Another Weekend of Perfect Waves at San Miguel

We spent the weekend at San Miguel for the 3rd Annual Walter Caloca Open, a surf contest that brings together competitors from Mexico, the U.S. and around the world.

The waves were a blast!!

Sunday morning--San Miguel channeling Lowers.

Sunday morning–San Miguel channeling Lowers.

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That’s me channeling Terry Fitzgerald at J Bay in 1975.

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My eldest son Israel.

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My youngest son Daniel.

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IB surfer Sean Fowler.

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San Miguel local Kevin Meza.

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Zach Plopper

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Israel

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Israel

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Contest organizer Alfredo Ramirez of UAPO.

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From left to right: Me, my youngest son Daniel and friends Josh Johnson and his dad Daren Johnson.

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Junior boys finalists including from left to right: Gavin (3rd), Daniel Dedina (2nd), Dakotah Hooker (4th) and Josh Johnson (1st).

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Daniel.

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Daniel

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Josh Johnson

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Daniel

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Beach cleanup Saturday.

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The Best Places to Explore in Baja in 2013

Daniel gets a fun one--the light was perfect in the afternoon for photos.

San Miguel in Ensenada.

For years many Southern California surfers and ocean lovers have lived for Baja. Upon crossing the border they experienced endless empty beaches, great fishing, friendly people and perfect waves.

Then when things got a little rough in Mexico a few years ago, due to the drug war, many Baja California lovers bid adios to their old friend.

But an interesting thing happened during the years that American tourists abandoned Lower California. Rather than sit idly by waiting for tourists to show up, the peninsula’s new generation of entrepreneurs reinvented Baja. They developed a new cuisine, built beautiful new eco-resorts and boutique hotels, and produced fine wines.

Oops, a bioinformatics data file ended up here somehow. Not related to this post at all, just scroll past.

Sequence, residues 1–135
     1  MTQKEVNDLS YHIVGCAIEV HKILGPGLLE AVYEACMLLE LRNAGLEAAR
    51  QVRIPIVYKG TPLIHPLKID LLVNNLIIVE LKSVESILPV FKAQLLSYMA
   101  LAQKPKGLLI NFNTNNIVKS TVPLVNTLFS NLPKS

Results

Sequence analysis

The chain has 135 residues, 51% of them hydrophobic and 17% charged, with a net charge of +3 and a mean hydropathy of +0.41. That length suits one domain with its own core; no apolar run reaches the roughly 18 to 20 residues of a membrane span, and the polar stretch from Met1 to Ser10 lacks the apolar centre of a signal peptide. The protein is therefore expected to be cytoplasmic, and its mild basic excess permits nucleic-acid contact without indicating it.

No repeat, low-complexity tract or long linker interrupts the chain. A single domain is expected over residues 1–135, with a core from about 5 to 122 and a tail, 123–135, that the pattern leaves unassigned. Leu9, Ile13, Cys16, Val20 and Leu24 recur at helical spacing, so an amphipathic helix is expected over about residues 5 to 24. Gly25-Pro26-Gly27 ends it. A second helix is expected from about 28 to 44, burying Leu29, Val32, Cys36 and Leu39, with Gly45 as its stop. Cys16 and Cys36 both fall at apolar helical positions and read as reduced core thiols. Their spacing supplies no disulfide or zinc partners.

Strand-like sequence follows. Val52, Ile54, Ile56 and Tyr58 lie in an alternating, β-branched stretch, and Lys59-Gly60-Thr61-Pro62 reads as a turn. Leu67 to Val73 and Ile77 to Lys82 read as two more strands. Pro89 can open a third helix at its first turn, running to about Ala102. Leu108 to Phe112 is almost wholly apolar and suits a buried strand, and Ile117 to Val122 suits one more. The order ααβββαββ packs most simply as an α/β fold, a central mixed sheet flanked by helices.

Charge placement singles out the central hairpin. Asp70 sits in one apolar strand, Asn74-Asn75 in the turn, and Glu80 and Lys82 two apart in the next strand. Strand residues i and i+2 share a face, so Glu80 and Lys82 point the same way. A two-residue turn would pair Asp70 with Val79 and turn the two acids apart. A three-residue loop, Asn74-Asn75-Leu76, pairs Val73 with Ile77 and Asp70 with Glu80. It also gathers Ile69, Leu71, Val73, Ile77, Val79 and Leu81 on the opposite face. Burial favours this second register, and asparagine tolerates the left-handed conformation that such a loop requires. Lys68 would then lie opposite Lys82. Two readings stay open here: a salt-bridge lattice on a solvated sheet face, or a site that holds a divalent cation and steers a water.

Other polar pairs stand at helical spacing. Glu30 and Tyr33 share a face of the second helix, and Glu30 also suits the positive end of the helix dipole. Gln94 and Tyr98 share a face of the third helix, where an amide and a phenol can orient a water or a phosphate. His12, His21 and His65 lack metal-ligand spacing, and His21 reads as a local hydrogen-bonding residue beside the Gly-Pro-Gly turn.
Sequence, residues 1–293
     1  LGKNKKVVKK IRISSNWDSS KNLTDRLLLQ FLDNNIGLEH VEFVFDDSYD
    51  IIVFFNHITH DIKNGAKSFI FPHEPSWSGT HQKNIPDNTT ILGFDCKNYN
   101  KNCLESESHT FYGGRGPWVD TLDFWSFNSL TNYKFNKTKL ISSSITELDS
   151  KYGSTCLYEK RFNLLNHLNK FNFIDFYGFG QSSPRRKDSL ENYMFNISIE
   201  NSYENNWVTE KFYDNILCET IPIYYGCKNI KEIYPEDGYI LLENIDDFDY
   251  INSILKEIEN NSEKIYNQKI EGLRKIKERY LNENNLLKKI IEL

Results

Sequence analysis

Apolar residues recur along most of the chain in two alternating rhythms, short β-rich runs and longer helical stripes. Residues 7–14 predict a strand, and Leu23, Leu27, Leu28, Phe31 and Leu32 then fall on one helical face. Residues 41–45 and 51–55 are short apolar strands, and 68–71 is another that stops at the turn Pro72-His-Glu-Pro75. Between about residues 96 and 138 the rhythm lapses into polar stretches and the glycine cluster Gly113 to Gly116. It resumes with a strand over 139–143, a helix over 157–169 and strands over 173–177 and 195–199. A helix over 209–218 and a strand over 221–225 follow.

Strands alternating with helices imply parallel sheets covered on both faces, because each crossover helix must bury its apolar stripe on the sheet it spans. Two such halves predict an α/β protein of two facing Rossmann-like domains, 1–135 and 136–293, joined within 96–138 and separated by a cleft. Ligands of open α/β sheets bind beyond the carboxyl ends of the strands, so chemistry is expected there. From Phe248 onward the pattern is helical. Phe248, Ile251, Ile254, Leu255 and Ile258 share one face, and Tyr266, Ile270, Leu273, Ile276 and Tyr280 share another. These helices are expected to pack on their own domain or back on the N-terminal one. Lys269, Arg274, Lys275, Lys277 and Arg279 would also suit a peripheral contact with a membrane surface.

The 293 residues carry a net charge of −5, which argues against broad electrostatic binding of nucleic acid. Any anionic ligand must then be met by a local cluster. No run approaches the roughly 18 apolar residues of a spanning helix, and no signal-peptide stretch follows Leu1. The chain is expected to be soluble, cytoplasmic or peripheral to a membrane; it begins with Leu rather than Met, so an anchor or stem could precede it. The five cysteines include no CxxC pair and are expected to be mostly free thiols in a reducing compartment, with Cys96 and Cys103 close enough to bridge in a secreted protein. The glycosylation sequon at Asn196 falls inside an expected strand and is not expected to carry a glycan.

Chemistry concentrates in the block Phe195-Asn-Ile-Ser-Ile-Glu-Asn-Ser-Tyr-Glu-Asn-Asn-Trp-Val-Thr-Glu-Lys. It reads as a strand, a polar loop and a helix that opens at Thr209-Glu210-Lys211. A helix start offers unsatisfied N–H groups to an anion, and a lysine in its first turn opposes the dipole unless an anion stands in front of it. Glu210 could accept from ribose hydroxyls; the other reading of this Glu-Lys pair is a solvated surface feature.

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The peninsula got a lot safer as well. Highways have been improved. The increased presence of the police and the military has made travel safer.

Over the holidays my sons and I spent a few mornings and afternoons south of the the border carrying out surgical surf strikes during the recent magical run of winter swells. We scored big and never had a single problem. Lots of smiles, great food, and cool, clean, empty waves.

So here are a few of the hottest spots to sample in our sun-kissed neighbor to the south.

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Northern Baja Cuisine and Wine County: Start off with a late lunch at Javier Plascencia’s gastronomic palace in Tijuana, Mision 19. Then head south and stop for a quick sunset surf before you check into one of the boutique hotels in the Valle de Guadalupe such as the Grupo Habita eco-bungalows or Adobe Guadalupe. For dinner check out the amazingly tasty Corazon de Tierra. The next day, after sampling waves at San Miguel or 3M’s, catch a late breakfast or  lunch at either Boules or Muelle 3. After a second surf session check out the wine, cocktails and dinner at the award winning Manzanilla.

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Whale Watching in San Ignacio Lagoon: The world’s best whale-watching awaits you in this stark and pristine desert lagoon fringed by mangroves, bobcats and coyotes. Filled with more than 200 gray whales during the height of the whale season in February and early March, this is the best place in the world to encounter a friendly whale.

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Whales, Islands and Missions in Loreto and Magdalena Bay: Catch a short flight to the beautiful mission town of Loreto to catch up with old Baja. Tour the amazing azure islands of Loreto Bay National Park, be inspired by the grandeur of Mision San Javier, and take a day trip to Magdalena Bay’s Puerto Adolfo Lopez Mateos for a day of whale watching and wandering the dunes of the barrier islands.